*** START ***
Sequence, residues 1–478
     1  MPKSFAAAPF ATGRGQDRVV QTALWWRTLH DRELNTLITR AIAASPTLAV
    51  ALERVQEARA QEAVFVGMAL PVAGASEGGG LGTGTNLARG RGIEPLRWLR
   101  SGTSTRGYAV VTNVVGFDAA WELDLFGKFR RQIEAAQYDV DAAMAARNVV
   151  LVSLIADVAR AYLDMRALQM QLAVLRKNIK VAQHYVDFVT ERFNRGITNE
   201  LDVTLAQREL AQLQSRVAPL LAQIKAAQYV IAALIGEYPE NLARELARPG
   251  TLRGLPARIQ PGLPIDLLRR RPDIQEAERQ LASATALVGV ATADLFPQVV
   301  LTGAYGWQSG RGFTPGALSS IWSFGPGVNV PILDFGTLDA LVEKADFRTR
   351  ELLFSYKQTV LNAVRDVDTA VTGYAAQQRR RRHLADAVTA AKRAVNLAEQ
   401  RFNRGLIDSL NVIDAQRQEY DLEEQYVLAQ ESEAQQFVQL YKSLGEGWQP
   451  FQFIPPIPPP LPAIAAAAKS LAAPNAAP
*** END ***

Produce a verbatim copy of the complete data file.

Sequence, residues 1–478
     1  MPKSFAAAPF ATGRGQDRVV QTALWWRTLH DRELNTLITR AIAASPTLAV
    51  ALERVQEARA QEAVFVGMAL PVAGASEGGG LGTGTNLARG RGIEPLRWLR
   101  SGTSTRGYAV VTNVVGFDAA WELDLFGKFR RQIEAAQYDV DAAMAARNVV
   151  LVSLIADVAR AYLDMRALQM QLAVLRKNIK VAQHYVDFVT ERFNRGITNE
   201  LDVTLAQREL AQLQSRVAPL LAQIKAAQYV IAALIGEYPE NLARELARPG
   251  TLRGLPARIQ PGLPIDLLRR RPDIQEAERQ LASATALVGV ATADLFPQVV
   301  LTGAYGWQSG RGFTPGALSS IWSFGPGVNV PILDFGTLDA LVEKADFRTR
   351  ELLFSYKQTV LNAVRDVDTA VTGYAAQQRR RRHLADAVTA AKRAVNLAEQ
   401  RFNRGLIDSL NVIDAQRQEY DLEEQYVLAQ ESEAQQFVQL YKSLGEGWQP
   451  FQFIPPIPPP LPAIAAAAKS LAAPNAAP